Vijay Vijayasankar – Vijay is a SAP Mentor and has very effective style of writing articles often from the angle of asking difficult, open ended or challenging questions. Some great examples include A few HANA questions if I may? and What does it take for execution success at SAP? You can follow Vijay on twitter at @vijayasankarv.

Mico Yuk – Mico is a SAP Mentor and has been publicly vocal on all things SAP Business Objects related mostly via social media and twitter. An example of one of her articles is Four Burning SAP BusinessObjects 4.0 Questions Answered and you should follow Mico on twitter at @MicoYuk.

Michael Koch – Michael is a SAP mentor who isn’t afraid to be vocal with SAP and an example is SAP ByDesign SDK-A River runs through it. He is also part of the Certification 5 group with Jon Reed and Dennis Howlett, which has been very public in trying to influence change within the SAP Eduction group. You can follow Michael on twitter at @pixelbase.

Graham Robinson – Graham is a SAP mentor who recently wrote Thoughts on NetWeaver Gateway and appeared in Problems with SAP’s developer infrastructure model both of which sparked a lot of excellent discussion within the SAP community. You can follow Graham on twitter at @grahamrobbo.

Ethan Jewett – Ethan is a SAP Mentor who is isn’t afraid to be vocal with SAP and does so on a regular basis via Twitter. An example of one of his articles is Thoughts and questions about the HANA announcement and Ethan is definitely someone you should be following on twitter at @esjewett.

Thomas Wailgum – Thomas is the managing director at ASUG News and although many of his articles are from a reporting angle he is bringing important topics to the forefront such as SAP Licensing Negotiations: How to Turn the Tables. In addition, I believe as ASUG News continues to evolve we will start to see stronger opinions and challenging articles on the important issues facing SAP customers. You can follow Thomas on twitter at @twailgum.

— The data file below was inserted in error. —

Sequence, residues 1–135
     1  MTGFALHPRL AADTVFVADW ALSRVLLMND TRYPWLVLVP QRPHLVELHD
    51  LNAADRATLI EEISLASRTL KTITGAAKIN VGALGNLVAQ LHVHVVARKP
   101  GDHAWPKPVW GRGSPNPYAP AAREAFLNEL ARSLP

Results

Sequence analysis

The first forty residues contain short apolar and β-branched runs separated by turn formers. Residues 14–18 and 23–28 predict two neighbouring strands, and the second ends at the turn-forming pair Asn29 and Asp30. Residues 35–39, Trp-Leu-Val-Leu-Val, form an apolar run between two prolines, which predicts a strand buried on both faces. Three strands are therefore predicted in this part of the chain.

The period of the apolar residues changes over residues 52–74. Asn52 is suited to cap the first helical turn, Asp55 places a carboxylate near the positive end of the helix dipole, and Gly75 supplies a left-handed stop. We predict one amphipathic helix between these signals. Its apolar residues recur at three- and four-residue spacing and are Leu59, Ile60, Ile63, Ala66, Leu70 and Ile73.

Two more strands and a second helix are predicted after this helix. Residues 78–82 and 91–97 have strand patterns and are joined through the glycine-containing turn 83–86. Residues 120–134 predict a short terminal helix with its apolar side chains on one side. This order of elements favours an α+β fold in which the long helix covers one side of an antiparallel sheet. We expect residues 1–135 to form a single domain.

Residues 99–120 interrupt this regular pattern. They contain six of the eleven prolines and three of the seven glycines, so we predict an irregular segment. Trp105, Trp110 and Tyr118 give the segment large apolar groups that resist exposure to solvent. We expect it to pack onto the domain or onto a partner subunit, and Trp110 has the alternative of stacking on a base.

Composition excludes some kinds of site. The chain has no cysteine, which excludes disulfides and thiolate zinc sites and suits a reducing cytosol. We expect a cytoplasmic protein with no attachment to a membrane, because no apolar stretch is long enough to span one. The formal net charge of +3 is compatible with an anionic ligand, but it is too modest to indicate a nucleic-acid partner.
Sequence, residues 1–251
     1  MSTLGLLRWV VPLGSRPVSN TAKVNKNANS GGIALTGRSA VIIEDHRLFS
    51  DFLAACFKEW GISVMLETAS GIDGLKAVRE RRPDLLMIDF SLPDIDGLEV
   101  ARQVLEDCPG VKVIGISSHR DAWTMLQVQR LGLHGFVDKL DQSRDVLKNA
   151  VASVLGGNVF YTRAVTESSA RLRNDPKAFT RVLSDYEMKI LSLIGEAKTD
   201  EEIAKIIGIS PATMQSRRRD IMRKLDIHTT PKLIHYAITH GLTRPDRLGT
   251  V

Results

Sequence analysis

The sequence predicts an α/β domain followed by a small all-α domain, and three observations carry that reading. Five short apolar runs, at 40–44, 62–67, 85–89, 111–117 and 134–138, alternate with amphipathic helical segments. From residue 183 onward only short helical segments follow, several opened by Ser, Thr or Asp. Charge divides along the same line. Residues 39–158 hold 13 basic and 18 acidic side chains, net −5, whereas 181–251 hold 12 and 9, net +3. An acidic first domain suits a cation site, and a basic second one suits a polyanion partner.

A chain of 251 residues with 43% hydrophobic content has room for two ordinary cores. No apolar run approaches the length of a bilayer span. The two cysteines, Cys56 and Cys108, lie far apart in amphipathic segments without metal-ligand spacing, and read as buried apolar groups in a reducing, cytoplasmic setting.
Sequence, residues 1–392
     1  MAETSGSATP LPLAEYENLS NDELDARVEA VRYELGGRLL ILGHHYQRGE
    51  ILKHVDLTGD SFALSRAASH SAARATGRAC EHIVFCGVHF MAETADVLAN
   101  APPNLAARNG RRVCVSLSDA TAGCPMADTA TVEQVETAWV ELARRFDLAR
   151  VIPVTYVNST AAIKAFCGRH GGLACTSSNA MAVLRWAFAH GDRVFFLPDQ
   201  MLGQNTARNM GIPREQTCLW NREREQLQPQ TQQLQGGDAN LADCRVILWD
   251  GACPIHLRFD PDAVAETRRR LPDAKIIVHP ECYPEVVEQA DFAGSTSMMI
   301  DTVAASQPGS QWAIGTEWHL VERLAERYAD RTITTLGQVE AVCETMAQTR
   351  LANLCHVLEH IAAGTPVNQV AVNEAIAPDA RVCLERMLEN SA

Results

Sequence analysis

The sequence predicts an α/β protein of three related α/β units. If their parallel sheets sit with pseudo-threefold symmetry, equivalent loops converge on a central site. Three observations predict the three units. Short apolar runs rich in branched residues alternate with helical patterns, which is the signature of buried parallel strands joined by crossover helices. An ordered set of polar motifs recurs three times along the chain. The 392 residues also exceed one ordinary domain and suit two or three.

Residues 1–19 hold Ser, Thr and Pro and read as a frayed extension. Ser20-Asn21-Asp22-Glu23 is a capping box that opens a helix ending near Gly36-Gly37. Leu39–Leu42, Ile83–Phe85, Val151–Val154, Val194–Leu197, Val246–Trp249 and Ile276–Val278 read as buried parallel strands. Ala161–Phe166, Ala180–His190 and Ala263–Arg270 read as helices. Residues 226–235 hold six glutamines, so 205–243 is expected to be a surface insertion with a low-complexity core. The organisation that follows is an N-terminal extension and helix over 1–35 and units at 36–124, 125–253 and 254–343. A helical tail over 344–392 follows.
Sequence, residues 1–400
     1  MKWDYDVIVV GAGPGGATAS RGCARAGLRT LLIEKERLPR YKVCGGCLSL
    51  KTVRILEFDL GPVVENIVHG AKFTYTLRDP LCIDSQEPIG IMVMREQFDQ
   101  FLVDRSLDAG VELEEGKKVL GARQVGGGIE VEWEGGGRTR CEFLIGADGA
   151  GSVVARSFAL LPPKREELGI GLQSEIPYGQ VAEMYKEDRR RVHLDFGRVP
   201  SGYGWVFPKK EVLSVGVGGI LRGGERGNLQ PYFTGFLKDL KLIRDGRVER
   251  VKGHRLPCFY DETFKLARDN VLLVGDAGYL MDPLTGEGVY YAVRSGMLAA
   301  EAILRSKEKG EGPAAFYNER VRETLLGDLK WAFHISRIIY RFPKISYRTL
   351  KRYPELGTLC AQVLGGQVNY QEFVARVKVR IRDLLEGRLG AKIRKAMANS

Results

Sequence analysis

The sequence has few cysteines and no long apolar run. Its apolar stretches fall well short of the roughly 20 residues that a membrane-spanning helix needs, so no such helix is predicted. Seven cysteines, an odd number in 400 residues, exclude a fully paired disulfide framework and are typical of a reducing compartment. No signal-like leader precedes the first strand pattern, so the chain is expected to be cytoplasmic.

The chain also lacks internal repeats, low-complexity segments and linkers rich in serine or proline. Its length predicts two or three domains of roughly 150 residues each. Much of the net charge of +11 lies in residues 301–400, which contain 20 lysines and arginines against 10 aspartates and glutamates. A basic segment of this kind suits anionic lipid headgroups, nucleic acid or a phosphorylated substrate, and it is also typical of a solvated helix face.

Mark Chalfen – Mark is a newly appointed SAP Mentor who has written Have SAP’s Enhancement Packages lived up to their hype? and What were people at Sapphirenow saying about the new release strategy? which are important topics for SAP customers. You can follow Mark on twitter at @Mark_Chalfen.

In the context of this article being a “troublemaker” is something all these people should feel very proud of. It is a real badge of honor and shows how much they care about SAP as most of these people make their living in the SAP ecosystem. SAP also deserves a lot of credit as while other enterprise software vendors try to muzzle any negative or critical opinions SAP goes out of their way to engage with many of the individuals above. They do so by giving them special access to senior management, ensuring they are at all major confernces and influencer events, including them in the SAP mentor program and most importantly providing a platform such as the SAP Community Network where their views can be seen by 2.5 million members. My hope is going forward more people will be willing to challenge SAP when it is warranted as it can make a real difference as I know firsthand that the senior management team is listening. SAP might not always like what they hear but they are very open in trying to understanding challenging viewpoints as they are smart enough to realize how this can help them in the longterm.

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      Author's profile photo Thorsten Franz
      Thorsten Franz
      Wow - HUGE honor to be included in the troublemaker category and especially in this list of fine people, many of whom are role models I aspire to because of their depth of understanding, ability to see the big picture, and passion for what could become.